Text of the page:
California mixed evergreen forest facts for kids
The Mixed evergreen forest plant community is native to the Northern and Southern California Coast Ranges and Sierra Nevada of central and northern California; the Transverse Ranges and Peninsular Ranges of southern California; and the southwestern Oregon Coast Ranges.
California mixed evergreen forests occur in ecoregions of the California Floristic Province, including in areas of the California chaparral and woodlands and its sub-ecoregions, Klamath-Siskiyou Mountains forests, Northern California coastal forests, and Sierra Nevada lower montane forest. The mixed evergreen forests of each ecoregion have slightly different species composition.
Klamath-Siskiyou mixed evergreen forest
The mixed evergreen forests of the Klamath Mountains-Siskiyou Mountains occur above 300 meters (1000 ft) elevation, and are of four main types. Douglas-fir forests are found on gentle slopes, north-facing slopes, ridges with deep soil, and river terraces with deep sediments, usually underlain with sedimentary rocks. Coast Douglas-fir (Pseudotsuga menziesii ssp. menziesii) is the predominant tree, occupying up to 70% of the forest cover. Broadleaf evergreen trees are relatively few. Tree species of secondary importance are:
On granite soils, a similar species composition predominates, but with more broadleaf evergreens, chiefly:
- Tanoak (Lithocarpus densiflora) and
- Canyon live oak (Quercus chrysolepis), along with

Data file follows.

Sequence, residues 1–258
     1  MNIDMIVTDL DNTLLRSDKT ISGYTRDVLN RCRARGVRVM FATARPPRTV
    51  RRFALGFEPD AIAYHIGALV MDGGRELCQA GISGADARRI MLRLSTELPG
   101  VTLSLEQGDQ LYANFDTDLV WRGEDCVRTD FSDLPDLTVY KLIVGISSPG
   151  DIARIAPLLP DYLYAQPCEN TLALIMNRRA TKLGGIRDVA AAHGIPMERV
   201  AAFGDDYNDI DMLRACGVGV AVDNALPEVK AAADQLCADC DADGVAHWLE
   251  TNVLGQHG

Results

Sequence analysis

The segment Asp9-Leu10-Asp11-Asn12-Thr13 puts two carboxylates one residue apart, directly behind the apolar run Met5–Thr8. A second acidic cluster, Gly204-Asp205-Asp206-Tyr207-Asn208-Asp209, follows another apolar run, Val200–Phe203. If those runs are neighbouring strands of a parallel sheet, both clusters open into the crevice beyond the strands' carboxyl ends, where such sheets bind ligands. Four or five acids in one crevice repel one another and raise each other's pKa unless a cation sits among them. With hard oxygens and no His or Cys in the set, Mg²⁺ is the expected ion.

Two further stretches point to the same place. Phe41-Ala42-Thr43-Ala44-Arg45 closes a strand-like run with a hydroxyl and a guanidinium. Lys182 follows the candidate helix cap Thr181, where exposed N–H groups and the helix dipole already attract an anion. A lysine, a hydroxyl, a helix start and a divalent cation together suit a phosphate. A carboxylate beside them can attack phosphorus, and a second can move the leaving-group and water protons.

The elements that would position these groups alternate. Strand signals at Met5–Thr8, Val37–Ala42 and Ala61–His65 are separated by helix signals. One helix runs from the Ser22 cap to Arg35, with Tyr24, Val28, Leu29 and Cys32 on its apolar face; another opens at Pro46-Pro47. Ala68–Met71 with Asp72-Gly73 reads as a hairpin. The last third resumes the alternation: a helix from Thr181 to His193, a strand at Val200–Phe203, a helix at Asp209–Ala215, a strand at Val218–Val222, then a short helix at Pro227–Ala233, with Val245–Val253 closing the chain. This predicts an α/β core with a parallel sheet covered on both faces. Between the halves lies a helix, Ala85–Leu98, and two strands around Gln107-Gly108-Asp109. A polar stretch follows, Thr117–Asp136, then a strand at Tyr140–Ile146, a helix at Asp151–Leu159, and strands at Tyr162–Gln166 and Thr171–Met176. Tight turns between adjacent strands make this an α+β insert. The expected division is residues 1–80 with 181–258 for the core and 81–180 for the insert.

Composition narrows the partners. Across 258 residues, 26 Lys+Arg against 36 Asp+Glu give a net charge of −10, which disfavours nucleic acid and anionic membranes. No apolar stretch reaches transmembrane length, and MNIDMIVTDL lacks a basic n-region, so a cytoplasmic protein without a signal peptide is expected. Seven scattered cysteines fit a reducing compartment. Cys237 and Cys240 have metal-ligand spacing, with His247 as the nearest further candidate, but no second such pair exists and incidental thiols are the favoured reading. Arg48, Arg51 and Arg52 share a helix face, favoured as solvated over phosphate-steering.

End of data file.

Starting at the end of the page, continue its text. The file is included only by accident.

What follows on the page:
- Giant chinquapin (Chrysolepis chrysophylla).
On steep, well drained slopes, canyon live oak is the dominant species, with coast Douglas-fir in a minor role.
On serpentine soils, mixed evergreen forests are made up of:
- moister areas
- Lawson's cypress (also known as Port Orford cedar, Chamaecyparis lawsoniana) and
- Western white pine (Pinus monticola)
- drier areas
- Incense cedar (Calocedrus decurrens),
- Jeffrey pine (Pinus jeffreyi),
- Knobcone pine (Pinus attenuata).
California Coast Ranges mixed evergreen forest
Mixed evergreen forests in the California Coast Ranges vary in species related to coastal (Outer Ranges) or inland (Inner Ranges) climate influences. It usually happens in the elevation from 0 meter to 500 meters high. Mountains in the San Francisco Bay Area frequently support mixed evergreen forests. Generally the moister the forest habitat the greater the understory density. Coast mixed evergreen is drier than coast redwood and it is a four-layer forest structure. The conifers are usually emergent as canopy layer and broad-leaf evergreen trees emerge as sub-canopy layer. The shrubs occur as the understory species.
- Those closer to the coast receiving adequate fog moisture and high rainfall generally will feature the following species:
- Coast Douglas-fir,
- Coast redwood (Sequoia sempervirens)
- Tanoak, (Notholithocarpus densiflorus)
- Pacific madrone (Arbutus menziesii),
- California bay laurel (Umbellularia californica),
- Canyon live oak (Quercus chrysolepis),
- Interior live oak (Quercus wislizenii),
- Coast live oak (Quercus agrifolia),
- Black oak (Q. kelloggii),
- Oregon oak (Q. garryana)
- Big leaf maple (Acer macrophyllum).
- Further inland, on north facing slopes or protected canyons, these forests are drier and generally lack tanoak, Douglas fir, and coast redwood. Species typical of the drier neighboring oak woodlands join the mix:
Common wildlife include Steller's jay, chestnut-backed chickadee, western gray squirrel, raccoon and many others. These forests are more diverse in animal life than those having only conifers. The predominance of broadleaf trees provide a greater abundance of food sources.
Southern Coast, Transverse, and Peninsular Ranges mixed evergreen forest
Also called southern mixed evergreen forests, the mixed evergreen forests of the southern California Coast Ranges, the Transverse Ranges, and the northern Peninsular Ranges, are restricted to cooler north-facing slopes at higher elevations.
- Predominant tree species include:
California mixed evergreen forest Facts for Kids. Kiddle Encyclopedia.